Deploying Ingress across clusters

This page shows you how to deploy an Ingress that serves an application across multiple GKE clusters.

Deployment tutorial

In the tasks below, you will deploy a fictional app named zoneprinter and Ingress for Anthos in two clusters. The Ingress provides a shared virtual IP (VIP) address for the app deployments.

This page builds upon the work done in Setting up Ingress for Anthos, where you created and registered two clusters. At this point you should have two clusters that are also registered to the Hub:

$ gcloud container clusters list
NAME    LOCATION        MASTER_VERSION  MASTER_IP       MACHINE_TYPE   NODE_VERSION     NUM_NODES  STATUS
gke-eu  europe-west1-c  1.16.8-gke.9    ***             n1-standard-1  1.16.8-gke.9     2          RUNNING
gke-us  us-central1-a   1.16.8-gke.9    ***             n1-standard-1  1.16.6-gke.13 *  2          RUNNING

Creating the Namespace

Because environs have the property of namespace sameness, we recommend that you coordinate Namespace creation and management across clusters so identical Namespaces are owned and managed by the same group. You can create Namespaces per team, per environment, per application, or per application component. Namespaces can be as granular as necessary, as long as a Namespace ns1 in one cluster has the same meaning and usage as ns1 in another cluster.

In this example you create a zoneprinter Namespace for each application in each cluster.

  1. Create namespace.yaml from the following manifest:

    apiVersion: v1
    kind: Namespace
    metadata:
      name: zoneprinter
    
  2. Switch to the gke-us context:

    kubectl config use-context gke-us
    
  3. Create the Namespace:

    kubectl apply -f namespace.yaml
    
  4. Switch to the gke-eu context:

    kubectl config use-context gke-eu
    
  5. Create the Namespace:

    kubectl apply -f namespace.yaml
    

Deploying the app

  1. Create deploy.yaml from the following manifest:

    apiVersion: apps/v1
    kind: Deployment
    metadata:
      name: zone-ingress
      namespace: zoneprinter
      labels:
        app: zoneprinter
    spec:
      selector:
        matchLabels:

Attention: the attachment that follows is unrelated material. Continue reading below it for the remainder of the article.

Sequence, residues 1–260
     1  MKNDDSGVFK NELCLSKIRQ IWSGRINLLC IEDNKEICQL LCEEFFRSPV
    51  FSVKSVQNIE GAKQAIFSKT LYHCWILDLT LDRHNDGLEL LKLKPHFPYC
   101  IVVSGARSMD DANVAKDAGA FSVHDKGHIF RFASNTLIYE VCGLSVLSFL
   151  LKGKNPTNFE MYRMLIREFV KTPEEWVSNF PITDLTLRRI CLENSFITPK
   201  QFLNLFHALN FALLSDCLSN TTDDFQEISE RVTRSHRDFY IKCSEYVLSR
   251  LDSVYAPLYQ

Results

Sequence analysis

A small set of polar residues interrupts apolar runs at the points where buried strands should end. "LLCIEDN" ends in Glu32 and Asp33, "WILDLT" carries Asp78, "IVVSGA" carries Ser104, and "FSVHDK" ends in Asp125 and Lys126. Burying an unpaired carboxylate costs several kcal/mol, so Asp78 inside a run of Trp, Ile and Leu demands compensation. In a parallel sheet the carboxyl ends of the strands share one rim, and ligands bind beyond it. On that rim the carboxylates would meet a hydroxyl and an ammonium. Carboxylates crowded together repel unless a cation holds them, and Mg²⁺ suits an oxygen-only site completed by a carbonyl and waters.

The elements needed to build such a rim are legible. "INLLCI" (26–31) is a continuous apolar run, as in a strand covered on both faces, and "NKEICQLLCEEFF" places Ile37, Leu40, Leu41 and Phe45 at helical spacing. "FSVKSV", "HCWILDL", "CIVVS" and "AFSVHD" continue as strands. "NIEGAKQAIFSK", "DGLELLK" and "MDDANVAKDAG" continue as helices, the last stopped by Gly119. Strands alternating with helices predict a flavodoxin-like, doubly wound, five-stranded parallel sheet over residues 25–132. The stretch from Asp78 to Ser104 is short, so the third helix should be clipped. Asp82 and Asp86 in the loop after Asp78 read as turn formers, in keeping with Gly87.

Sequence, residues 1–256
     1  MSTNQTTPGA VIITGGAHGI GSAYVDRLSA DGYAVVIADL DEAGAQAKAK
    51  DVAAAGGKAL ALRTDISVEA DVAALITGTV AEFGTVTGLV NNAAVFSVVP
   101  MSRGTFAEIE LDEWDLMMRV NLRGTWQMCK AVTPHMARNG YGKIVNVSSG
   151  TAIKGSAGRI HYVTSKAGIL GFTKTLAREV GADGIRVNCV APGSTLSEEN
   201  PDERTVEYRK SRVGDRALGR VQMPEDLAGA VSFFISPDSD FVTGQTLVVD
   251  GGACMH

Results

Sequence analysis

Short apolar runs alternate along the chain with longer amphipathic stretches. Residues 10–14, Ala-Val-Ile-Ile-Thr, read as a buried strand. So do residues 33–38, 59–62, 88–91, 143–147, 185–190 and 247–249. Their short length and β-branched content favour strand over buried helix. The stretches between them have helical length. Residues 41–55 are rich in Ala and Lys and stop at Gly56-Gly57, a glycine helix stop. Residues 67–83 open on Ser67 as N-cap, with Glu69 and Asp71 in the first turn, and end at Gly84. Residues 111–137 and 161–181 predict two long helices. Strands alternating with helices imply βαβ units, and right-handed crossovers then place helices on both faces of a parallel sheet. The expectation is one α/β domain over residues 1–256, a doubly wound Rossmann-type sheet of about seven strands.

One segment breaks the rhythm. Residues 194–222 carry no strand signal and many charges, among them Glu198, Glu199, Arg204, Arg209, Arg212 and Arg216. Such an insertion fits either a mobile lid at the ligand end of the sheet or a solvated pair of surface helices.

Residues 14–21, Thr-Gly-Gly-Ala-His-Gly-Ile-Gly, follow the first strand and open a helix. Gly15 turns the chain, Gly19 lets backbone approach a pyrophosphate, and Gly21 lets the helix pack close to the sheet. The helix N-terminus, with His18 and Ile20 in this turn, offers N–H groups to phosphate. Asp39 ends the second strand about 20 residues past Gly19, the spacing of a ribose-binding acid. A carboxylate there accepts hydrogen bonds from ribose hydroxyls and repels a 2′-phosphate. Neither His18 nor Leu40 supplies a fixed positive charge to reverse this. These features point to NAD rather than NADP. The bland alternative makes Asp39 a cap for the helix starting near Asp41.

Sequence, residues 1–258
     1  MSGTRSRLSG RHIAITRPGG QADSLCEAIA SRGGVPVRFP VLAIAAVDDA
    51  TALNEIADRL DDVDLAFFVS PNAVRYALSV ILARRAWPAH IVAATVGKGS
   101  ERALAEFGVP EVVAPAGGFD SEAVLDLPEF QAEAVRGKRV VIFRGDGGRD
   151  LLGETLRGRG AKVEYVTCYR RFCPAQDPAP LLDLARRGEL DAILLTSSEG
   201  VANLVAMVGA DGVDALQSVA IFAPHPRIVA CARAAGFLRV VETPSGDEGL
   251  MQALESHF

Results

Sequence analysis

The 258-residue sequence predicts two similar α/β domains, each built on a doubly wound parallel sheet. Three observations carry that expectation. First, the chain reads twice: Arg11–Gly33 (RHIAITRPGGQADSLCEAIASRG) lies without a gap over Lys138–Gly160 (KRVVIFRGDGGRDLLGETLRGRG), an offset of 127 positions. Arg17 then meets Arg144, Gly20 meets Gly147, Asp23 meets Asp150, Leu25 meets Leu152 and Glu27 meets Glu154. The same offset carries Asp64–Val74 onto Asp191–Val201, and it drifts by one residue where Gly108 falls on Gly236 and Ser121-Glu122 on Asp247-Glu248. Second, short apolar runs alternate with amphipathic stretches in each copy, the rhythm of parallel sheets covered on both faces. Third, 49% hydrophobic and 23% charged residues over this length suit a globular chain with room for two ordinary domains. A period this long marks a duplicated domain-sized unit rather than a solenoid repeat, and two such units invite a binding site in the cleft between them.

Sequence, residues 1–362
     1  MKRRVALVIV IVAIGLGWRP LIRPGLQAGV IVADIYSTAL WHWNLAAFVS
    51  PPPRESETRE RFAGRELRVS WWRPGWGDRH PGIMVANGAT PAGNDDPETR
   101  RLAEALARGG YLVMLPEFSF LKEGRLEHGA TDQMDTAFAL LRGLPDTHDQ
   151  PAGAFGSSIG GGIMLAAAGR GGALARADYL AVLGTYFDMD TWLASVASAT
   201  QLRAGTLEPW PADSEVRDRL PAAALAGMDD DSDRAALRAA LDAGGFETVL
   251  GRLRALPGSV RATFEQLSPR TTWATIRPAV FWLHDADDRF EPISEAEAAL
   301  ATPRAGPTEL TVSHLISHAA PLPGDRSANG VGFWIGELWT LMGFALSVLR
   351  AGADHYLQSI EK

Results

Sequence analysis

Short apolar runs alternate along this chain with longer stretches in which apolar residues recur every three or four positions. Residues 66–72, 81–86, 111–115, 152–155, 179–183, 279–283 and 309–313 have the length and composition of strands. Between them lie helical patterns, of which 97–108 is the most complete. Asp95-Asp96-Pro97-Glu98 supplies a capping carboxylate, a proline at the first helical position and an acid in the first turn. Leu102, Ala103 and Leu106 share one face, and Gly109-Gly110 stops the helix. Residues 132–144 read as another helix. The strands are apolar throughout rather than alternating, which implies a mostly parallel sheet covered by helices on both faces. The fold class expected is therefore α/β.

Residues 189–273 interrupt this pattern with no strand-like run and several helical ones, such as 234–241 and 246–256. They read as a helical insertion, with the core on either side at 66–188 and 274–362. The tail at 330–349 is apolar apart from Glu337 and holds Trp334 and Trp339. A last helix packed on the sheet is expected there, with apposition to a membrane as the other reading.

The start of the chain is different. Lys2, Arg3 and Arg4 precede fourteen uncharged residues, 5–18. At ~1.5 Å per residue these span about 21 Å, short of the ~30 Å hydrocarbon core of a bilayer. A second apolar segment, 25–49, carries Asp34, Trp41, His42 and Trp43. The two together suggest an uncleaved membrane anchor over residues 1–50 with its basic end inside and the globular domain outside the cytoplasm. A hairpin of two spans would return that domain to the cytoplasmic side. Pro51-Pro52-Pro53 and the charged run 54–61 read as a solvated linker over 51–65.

app: zoneprinter
      template:
        metadata:
          labels:
            app: zoneprinter
        spec:
          containers:
          - name: frontend
            image: gcr.io/google-samples/zone-printer:0.2
            ports:
            - containerPort: 8080
    
  2. Switch to the gke-us context:

    kubectl config use-context gke-us
    
  3. Deploy the zoneprinter app:

    kubectl apply -f deploy.yaml
    
  4. Switch to the gke-eu context:

    kubectl config use-context gke-eu
    
  5. Deploy the zoneprinter app:

    kubectl apply -f deploy.yaml
    
  6. Verify that the zoneprinter app has successfully deployed in each cluster:

    kubectl get deployment --namespace zoneprinter
    

    The output should be similar to this in both clusters:

    NAME           READY   UP-TO-DATE   AVAILABLE   AGE
    zone-ingress   2/2     2            2           12m
    

Deploying through the config cluster

Now that the application is deployed across gke-us and gke-eu, you will deploy a load balancer by deploying MultiClusterIngress (MCI) and MultiClusterService (MCS) resources in the config custer. MCI and MCS are custom resources (CRDs) that are the multi-cluster equivalents of Ingress and Service resources.

In the setup guide, you configured the gke-us cluster as the config cluster. The config cluster is used to deploy and configure Ingress across all clusters.

  1. Set the context to the config cluster.

    kubectl config use-context gke-us
    

MultiClusterService

  1. Create a file named mcs.yaml from the following manifest:

    apiVersion: networking.gke.io/v1
    kind: MultiClusterService
    metadata:
      name: zone-mcs
      namespace: zoneprinter
    spec:
      template:
        spec:
          selector:
            app: zoneprinter
          ports:
          - name: web
            protocol: TCP
            port: 8080
            targetPort: 8080
    
  2. Deploy the MultiClusterService resource that matches the zoneprinter app:

    kubectl apply -f mcs.yaml
    
  3. Verify that the zone-mcs resource has successfully deployed in the config cluster:

    kubectl get mcs -n zoneprinter
    

    The output is similar to this:

    NAME       AGE
    zone-mcs   9m26s
    

This MCS creates a derived headless Service in every cluster that matches Pods with app: zoneprinter. You can see that one exists in the gke-us cluster sh kubectl get service -n zoneprinter

The output is similar to this:

```
NAME                                TYPE        CLUSTER-IP    EXTERNAL-IP   PORT(S)          AGE
mci-zone-mcs-svc-lgq966x5mxwwvvum   ClusterIP   None          <none>        8080/TCP         4m59s
```

A similar headless Service will also exist in gke-eu. These local Services are used to dynamically select Pod endpoints to program the global Ingress load balancer with backends.